BMS combination cures 90% of genotype 1b hepatitis C in 24 weeks

Caspar Thomson
17 April 2014

A combination of two direct-acting antivirals developed by Bristol-Myers Squibb (BMS) cured 90% of previously untreated people with genotype 1b hepatitis C infection in 24 weeks, without the need for pegylated interferon or ribavirin, Prof. Michael Manns of Hannover Medical School, Germany, reported at the 49th Annual Meeting of the European Association for the Study of the Liver (EASL) in London last week.

The interferon- and ribavirin-free regimen combined the NS5A inhibitor daclatasvir and the protease inhibitor asunaprevir. The combination is already undergoing regulatory review in Japan and the United States for the treatment of genotype 1b infection. The two drugs are also being tested alongside a third agent, the non-nucleoside NS5b polymerase inhibitor BMS-791325, in two phase III studies.

Genotype 1b is the predominant form of hepatitis C in eastern Europe (including Russia), Turkey and southern Europe, especially Italy. Although considered easier to treat than its counterpart genotype 1, which is more common in north America, genotype 1b has until now required interferon-based treatment to cure it. Genotype 1b also predominates in Japan and China.



An inherited gene which all individuals have. There are three genotypes of IL28B; these influence response to hepatitis C and its treatment. People with CC genotype are more likely to spontaneously clear acute infection or (during chronic infection) respond well to interferon-based treatment. The other two genotypes are known as CT and TT.


A shortage of neutrophils, a type of white blood cell that fights bacterial infections.


A low level of platelets in the blood. In people with hepatitis, this may be due to cirrhosis or interferon treatment.

Along with Gilead’s sofosbuvir/ledipasvir combination, the new BMS combination is the first hepatitis C regimen for genotype 1b that omits both pegylated interferon and ribavirin. Pegylated interferon is poorly tolerated by the majority of people with hepatitis C, especially those with advanced liver disease. People lacking a favourable genetic profile (the IL28B 'CC' gene) have a poorer response to interferon-based treatment. The majority of patients taking ribavirin develop anaemia during treatment, and some may have to discontinue treatment as a result.

The phase III HALLMARK-Dual study presented at EASL recruited 305 previously untreated patients, 205 previous non-responders and 235 patients who were ineligible for interferon treatment due to advanced fibrosis or cirrhosis, depression or neutropenia, as well as treatment-experienced patients unable to tolerate further interferon-based treatment.

Participants received daclatasvir (60mg once daily) and asunaprevir (100mg twice daily) for 24 weeks. 102 previously untreated patients were randomised to receive placebo treatment for 12 weeks, followed by 24 weeks of daclatasvir and asunaprevir. The primary outcome of the study was the proportion of participants who achieved sustained virologic response 12 weeks after completing treatment (SVR12).

The median age of study participants ranged from 55 in the treatment-naive arm to 60 in the interferon-intolerant arm. Between 58 and 72% of study participants were Caucasian by study arm, while between 22 and 32% were Asian. Sixteen per cent of treatment-naive participants had cirrhosis, as did 31% of previous non-responders and 47% of interferon-intolerant patients.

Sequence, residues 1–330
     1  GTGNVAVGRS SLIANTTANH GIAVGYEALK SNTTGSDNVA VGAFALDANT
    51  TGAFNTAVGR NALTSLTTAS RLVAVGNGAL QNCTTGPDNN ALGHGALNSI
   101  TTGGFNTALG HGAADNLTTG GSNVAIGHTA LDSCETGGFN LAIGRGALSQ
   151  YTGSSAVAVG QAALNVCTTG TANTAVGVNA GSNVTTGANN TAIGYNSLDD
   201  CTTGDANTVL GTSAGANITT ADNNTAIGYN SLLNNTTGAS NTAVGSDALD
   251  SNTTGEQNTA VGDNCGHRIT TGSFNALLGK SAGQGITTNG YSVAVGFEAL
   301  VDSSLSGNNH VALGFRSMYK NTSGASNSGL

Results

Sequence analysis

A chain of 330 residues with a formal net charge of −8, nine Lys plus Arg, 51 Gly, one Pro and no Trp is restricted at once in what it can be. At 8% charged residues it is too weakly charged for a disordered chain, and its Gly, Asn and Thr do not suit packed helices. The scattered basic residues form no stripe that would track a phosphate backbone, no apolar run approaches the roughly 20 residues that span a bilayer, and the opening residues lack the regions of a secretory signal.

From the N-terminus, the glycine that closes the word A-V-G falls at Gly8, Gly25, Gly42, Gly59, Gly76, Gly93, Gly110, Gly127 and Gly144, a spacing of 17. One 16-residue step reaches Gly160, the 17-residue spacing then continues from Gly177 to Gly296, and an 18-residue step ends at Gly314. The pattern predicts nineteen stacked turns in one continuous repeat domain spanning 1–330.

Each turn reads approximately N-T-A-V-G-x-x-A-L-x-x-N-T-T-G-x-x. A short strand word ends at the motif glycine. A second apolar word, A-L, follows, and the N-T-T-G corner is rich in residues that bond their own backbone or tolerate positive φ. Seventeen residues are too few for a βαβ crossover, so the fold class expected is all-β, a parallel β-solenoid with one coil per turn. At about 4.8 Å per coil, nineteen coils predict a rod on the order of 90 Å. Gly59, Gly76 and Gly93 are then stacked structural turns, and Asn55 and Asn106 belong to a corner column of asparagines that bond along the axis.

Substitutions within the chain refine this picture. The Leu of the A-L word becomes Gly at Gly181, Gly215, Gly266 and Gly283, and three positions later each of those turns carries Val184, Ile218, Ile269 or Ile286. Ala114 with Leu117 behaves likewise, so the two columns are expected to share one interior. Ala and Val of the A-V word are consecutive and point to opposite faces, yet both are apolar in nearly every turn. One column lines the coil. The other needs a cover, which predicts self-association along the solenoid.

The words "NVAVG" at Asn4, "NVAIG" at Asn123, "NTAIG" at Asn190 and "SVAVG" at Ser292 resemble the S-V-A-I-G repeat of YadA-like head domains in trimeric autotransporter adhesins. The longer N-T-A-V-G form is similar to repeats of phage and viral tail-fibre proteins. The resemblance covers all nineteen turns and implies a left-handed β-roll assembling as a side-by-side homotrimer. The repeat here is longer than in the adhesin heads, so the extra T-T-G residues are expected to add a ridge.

Omitting the placebo from the virological response analysis, 90% of previously untreated patients achieved SVR12, compared to 82% of previous non-responders and 82% of interferon-intolerant patients. There was no difference in response rate between previous null- and partial-responders but there was a substantial difference in response according to the reason for interferon treatment ineligibility. Whereas 91% of those with anaemia or neutropenia achieved SVR12, the proportion of responders fell to 80% among those with depression and 73% among those with cirrhosis or advanced fibrosis with thrombocytopenia. There was also a substantial difference in response according to baseline viral load: 92% of those with HCV RNA < 800,000 achieved SVR12, compared to 82% of those with HCV RNA > 800,000.

The majority of people who failed to achieve SVR12 experienced virologic breakthrough prior to the end of treatment (4% of treatment-naive, 13% of non-responders and 9% of interferon-intolerant) rather than post-treatment relapse (3%, 4% and 6% respectively).

Six patients in the previously untreated group and two in each of the other arms discontinued treatment due to serious adverse events, most commonly elevations in ALT/AST which resolved after treatment ceased. Headache, fatigue, diarrhoea and nausea were the most common adverse events, each affecting more than 10% of patients. A comparison of adverse events in the placebo group and the previously untreated arm during the first 12 weeks of treatment showed no difference in adverse events or grade 3/4 laboratory abnormalities between the two groups.

Although less potent in previous non-responders than some of the other regimens reported at the conference, daclatasvir and asunaprevir will be an important option for patients with genotype 1b infection outside the European Union. In Europe, Bristol-Myers Squibb is pursuing an early approval for daclatasvir as an individual agent, so that it may be used in combination with sofosbuvir for treatment of genotypes 1, 3 and 4 or in combination with pegylated interferon and ribavirin for treatment of genotypes 1b and 4, as recommended in new EASL guidelines.